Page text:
We often think of our blood as specifically tasked with carrying oxygen to our brains and other organs, but it’s also a living fluid, changing up its duties in response to various stimuli. To better understand — and anticipate — one aspect of this complicated biology, researchers have trained a neural network computer to model how platelets in the blood react to complicated conditions like those experienced during heart attack or stroke.
The University of Pennsylvania’s robotic automated system works by measuring the reaction of platelets to agonists — chemicals that bind to platelets to initiate a cellular response — introduced in pairs. The process tags each platelet with 34,000 data points acquired during those evaluations, with each duo of agonists leaving its unique fingerprint.
By cross-referencing the responses to the different pairs of agonists, the system can extrapolate the intracellular signaling responses of the platelets to far more complex combinations of up to six different agonists at a time, even at varying dosages and in situations where the agonists are applied at different times.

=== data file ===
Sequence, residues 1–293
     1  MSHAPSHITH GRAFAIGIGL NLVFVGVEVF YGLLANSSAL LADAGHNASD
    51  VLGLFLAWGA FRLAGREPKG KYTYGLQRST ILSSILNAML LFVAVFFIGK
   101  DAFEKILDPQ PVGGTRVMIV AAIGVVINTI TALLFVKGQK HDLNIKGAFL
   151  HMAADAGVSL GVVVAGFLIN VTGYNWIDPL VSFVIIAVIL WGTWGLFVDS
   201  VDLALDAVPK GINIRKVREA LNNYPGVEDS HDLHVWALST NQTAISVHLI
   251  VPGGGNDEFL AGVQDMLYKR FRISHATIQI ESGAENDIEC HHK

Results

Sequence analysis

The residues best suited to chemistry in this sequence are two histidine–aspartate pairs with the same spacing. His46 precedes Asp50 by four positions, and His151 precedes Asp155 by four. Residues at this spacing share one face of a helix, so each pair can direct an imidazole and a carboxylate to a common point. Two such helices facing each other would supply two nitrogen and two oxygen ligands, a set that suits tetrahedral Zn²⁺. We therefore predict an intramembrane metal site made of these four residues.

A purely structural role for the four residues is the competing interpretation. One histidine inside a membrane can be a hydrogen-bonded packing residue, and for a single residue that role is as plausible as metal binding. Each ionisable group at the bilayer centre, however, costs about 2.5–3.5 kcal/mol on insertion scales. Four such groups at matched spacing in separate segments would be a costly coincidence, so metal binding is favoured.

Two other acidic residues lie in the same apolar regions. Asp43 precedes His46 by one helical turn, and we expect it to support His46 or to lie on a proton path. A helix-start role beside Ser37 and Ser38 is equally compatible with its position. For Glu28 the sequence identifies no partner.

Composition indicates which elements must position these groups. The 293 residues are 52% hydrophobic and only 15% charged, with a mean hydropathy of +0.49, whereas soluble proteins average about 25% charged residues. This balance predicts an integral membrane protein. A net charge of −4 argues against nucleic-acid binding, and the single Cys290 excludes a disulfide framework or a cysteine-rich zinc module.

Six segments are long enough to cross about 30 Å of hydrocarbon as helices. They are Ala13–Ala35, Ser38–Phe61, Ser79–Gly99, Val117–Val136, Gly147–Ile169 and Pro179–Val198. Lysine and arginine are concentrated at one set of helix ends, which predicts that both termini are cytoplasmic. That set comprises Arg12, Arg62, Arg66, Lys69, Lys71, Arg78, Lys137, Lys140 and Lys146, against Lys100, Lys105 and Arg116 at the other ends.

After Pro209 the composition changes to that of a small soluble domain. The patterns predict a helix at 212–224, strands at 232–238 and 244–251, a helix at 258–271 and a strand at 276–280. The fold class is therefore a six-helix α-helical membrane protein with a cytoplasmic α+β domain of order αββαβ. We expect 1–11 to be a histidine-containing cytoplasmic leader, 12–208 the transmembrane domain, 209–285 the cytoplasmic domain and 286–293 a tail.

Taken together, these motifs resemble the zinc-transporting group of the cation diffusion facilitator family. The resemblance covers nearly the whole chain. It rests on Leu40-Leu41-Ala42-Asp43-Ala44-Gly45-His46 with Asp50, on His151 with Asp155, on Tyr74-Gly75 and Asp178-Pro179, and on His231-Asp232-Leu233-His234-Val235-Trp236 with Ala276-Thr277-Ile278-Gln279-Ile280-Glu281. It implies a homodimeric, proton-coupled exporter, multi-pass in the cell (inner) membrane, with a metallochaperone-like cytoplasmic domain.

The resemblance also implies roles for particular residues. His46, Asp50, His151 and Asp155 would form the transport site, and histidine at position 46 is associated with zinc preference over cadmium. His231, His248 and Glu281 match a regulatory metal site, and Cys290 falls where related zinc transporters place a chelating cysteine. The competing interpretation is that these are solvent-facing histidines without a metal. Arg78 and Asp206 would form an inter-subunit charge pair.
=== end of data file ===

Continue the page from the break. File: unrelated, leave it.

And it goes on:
In tests, the model predicted platelet responses with a high degree of accuracy, even differentiating between several different donors, opening the door to complex, patient-specific platelet modeling that could be critically helpful during a heart attack or stroke. Researchers hope to refine the system such that it is computationally fast enough to calculate and model a patient’s complex response to agonists present during a heart attack or stroke even as the event is unfolding.
Even better, the system could lead to a powerful diagnostic tool that predicts cardiovascular disease before a patient ends up in the emergency room.